With today’s ruling, both the 4th and 9th Circuits have ruled against Trump’s travel bans, the cases are on their way to the U.S. Supreme Court. The most immediate questions are:
- Will the U.S. Supreme Court grant a writ of certiorari, accepting the two cases for review?
- Will the U.S. Supreme Court issue a highly unusual stay of the orders of the 9th and 4th Circuits while the appeal is briefed and argued?
- Will the Supreme Court expedite the Trump administration’s appeal, as the administration asked – and if so, how fast will the hearing and decision come?
NOTE: The text of this post will be included in tomorrow morning’s Immigration News summary.
The Ninth Circuit ruling gave an additional rationale for finding the travel ban illegitimate: it violates the Immigration and Nationality Act prohibition against discrimination on the basis of nationality, which meant Trump “exceeded the scope of the authority delegated to him by Congress.”
The unanimous ruling also allows the Trump administration to proceed with internal studies of security measures — which gives the Supreme Court even less reason to expedite its own consideration of the case, or to stay the 4th and 9th Circuit rulings.
“The Immigration and Nationality Act (“INA”) gives the President broad powers to control the entry of aliens, and to take actions to protect the American public. But immigration, even for the President, is not a one-person show. The President’s authority is subject to certain statutory and constitutional restraints.”
9th Circuit Court of Appeals Refuses to Reinstate Trump’s Travel Ban (Los Angeles Times, 6/12/17)
“The 9th Circuit said Trump’s revised executive order failed to justify a need for the ban and violated a 1965 federal immigration law that bars discrimination based on nationality….
“The 9th Circuit narrowed the injunction a bit to allow for internal studies of security measures but said the rest of Trump’s order could not be enforced.”
Trump Loses Travel Ban Ruling in Appeals Court (New York Times, 6/12/17)
“The two courts employed different reasoning to arrive at the same basic conclusion. The Fourth Circuit said the revised executive order violated the First Amendment’s prohibition of government establishment of religion.
“The Ninth Circuit, by contrast, rested its conclusions on statutory grounds. It said Mr. Trump had exceeded the authority Congress had granted him in making national security judgments in the realm of immigration without adequate justification.”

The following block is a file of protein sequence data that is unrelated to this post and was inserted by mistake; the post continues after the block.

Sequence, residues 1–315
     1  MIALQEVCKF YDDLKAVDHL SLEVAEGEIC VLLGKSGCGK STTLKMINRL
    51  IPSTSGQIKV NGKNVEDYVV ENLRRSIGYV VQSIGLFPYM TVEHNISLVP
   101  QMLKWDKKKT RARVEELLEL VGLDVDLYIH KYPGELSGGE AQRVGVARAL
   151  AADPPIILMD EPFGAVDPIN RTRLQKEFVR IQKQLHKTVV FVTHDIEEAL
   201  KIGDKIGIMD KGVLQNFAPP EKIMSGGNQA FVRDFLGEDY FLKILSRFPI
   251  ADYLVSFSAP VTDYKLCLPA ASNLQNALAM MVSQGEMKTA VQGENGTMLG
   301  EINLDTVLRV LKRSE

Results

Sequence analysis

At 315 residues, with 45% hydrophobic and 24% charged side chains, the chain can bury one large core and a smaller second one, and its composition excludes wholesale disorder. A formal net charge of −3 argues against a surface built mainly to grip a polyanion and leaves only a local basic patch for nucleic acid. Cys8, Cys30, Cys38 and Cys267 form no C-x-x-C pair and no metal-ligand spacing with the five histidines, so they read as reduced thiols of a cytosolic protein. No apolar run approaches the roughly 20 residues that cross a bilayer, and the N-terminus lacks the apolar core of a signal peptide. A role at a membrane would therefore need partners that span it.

The 9th Circuit, however, has now blocked the ban on statutory grounds, holding that Trump “exceeded the scope of the authority delegated to him by Congress.”
“This alternative reasoning does not change the outcome of the case, but it does give the Supreme Court a narrower basis on which to rule if the justices decide to weigh in….
“The order, the court wrote, “does not provide a rationale explaining why permitting entry of nationals from the six designated countries under current protocols would be detrimental to the interests of the United States.” Nor did it “reveal any threat or harm to warrant suspension” of, or dramatic cuts to, the refugee program…”
Muslim Ban 2.0: What Happens Next (National Immigrant Law Center, 6/9/17) Concise, clear summary of the procedural posture of the Supreme Court appeal.
Despite Trump’s Tough Talk on Travel Ban, Few Changes on Vetting (New York Times, 6/11/17)
“Mr. Trump’s lawyers have moved slowly in responding to legal challenges to the White House’s initial and revised travel bans. And immigration experts say the administration has not taken steps it could have — even while the latest ban is tied up in the courts — to achieve the restriction’s stated goal: to tighten the vetting of people trying to get into the United States.
“The result has been that almost halfway through his first year in office, Mr. Trump has made few changes to the way people enter the United States from the countries he has deemed the most dangerous, despite his frequent campaign promises to institute “extreme vetting.”